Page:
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Nairobi – Part 2

January 25, 2010

Kibera – the second largest slum in Africa and scene of the violent post-election riots. Roughly 800.000 people live here. Nobody knows the exact number. We were invited here by a group of local photo-journalism students, all still living in Kibera. I admit, I was extremely reluctant to come here.  I did not know whether I could take what I was going to see and smell (there is almost no sanitation here) and how I would be received. No matter how much you dress down, you still stick out like a sore thumb. I love nature photography  but I had signed up for this particular trip, because I wanted a more complete  picture of Kenya, not just a beautiful safari.  And this is a large part of reality here. So I pulled myself together and went.  Kibera is only about half a mile  from the Nairobi Polo Club but yet it is a world away. I could not imagine a bigger contrast.  There are just narrow dirt pathways between the houses and what happens during a rain event requires very little imagination.  We were invited into the home of one woman who lived in her tiny little place (not much larger than the bed) with 13 children, mostly orphans she had taken in. One beautiful 8 year old girl was HIV positive. Quite heart-breaking. What made this whole experience bearable was the resiliance of the people and the smiles of children that constantly greeted us with “how are you”. There are small businesses all over the place, some of which Ryan’s organisation “Give International” is supporting, including a school. Just having a black board in a school, a cement floor or a roof that does not leak are luxury items here. If you are interested in donating to any of the projects in Kenya, Tanzania or Uganda, 100 % of the donations will go directly to a project!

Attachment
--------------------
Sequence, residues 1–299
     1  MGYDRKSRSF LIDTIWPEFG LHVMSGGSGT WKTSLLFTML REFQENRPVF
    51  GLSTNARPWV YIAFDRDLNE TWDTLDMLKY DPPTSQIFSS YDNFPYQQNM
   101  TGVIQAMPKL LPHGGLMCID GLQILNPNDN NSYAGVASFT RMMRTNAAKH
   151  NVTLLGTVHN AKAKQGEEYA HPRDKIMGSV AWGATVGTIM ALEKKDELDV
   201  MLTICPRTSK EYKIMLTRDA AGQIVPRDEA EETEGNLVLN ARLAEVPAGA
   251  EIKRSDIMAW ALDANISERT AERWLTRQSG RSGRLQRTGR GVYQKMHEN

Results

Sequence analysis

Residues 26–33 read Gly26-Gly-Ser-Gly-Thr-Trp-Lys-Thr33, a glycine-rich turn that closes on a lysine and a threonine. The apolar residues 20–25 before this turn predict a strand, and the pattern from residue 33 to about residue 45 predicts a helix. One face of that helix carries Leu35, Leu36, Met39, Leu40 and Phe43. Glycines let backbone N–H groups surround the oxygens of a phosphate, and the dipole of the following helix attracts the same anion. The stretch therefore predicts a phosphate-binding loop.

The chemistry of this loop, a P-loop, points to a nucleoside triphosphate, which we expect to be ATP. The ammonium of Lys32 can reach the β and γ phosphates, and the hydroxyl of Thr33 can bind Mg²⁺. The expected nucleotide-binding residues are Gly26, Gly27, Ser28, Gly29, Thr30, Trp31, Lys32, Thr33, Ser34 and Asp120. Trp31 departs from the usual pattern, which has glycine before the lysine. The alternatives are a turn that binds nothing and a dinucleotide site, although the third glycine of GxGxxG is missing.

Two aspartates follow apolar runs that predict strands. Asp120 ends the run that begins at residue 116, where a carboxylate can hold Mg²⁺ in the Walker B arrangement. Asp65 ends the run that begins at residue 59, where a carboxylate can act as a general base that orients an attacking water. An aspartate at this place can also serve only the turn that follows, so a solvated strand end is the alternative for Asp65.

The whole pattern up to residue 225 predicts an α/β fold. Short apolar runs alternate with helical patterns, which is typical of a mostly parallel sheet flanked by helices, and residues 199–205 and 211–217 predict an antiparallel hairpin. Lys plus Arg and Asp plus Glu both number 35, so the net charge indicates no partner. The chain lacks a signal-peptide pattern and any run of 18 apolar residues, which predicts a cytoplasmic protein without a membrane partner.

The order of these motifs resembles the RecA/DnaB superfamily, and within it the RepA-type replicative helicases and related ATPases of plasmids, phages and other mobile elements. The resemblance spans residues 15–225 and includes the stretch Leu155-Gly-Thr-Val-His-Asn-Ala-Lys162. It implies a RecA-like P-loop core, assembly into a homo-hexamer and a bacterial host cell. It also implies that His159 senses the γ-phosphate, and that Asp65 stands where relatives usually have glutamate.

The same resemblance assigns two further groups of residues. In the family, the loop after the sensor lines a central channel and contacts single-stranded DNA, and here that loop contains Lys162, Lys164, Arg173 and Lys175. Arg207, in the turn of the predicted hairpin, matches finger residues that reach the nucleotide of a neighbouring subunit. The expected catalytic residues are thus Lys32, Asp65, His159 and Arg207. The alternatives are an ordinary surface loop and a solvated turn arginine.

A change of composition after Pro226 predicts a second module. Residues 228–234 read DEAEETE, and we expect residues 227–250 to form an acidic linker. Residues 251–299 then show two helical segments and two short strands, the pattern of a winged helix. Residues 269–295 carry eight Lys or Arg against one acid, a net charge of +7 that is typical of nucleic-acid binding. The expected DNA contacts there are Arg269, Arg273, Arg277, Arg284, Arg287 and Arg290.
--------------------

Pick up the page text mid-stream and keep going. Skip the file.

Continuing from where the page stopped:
The writing on the booth a reminder of the post-election riots.

A small business, manufacturing beautiful jewelry out of bone.

After leaving Kibera, we went to an orphanage where 65 children ages 1 – 17 live. Despite having experienced what no child should experience we were greeted with huge (sometimes toothless) smiles.

They all sang some beautiful songs for us and afterward a precious little girl grabbed  my hand to show me the room she is living in. Everything is nice and clean here, 4 children per room and everyone has their own bed.

But basic necessities, even food are not always easy to come by. When you ask these children what they would like to be when they grow up, you get the same answer as you would from most children here: doctor, engineer, pilot. They all have their dreams for the future and I hope they will come true.

Everyone wanted to get photographed.

I know everyone was probably expecting  wildlife images from my trip (I promise they will follow), but this is a part of Kenya and I think it is important that people know about it and not just the beautiful landscape and wildlife.

One Comment leave one →
  1. October 18, 2010 5:45 am

    Africa was always last on my bucket list of places to visit until my business partner, her 16 YO granddaughter, and I went there. My first couple of days were spent as an event photographer for a large LDS church world event. After that, we spent almost a month living and working in the Riruta slum area (NW of Kibera). As you can imagine, it was a life-changing experience. If given the opportunity again, I’d go back there in a fraction of a second. I’m glad you were able to spend some time in the Nairobi area too, Beate.

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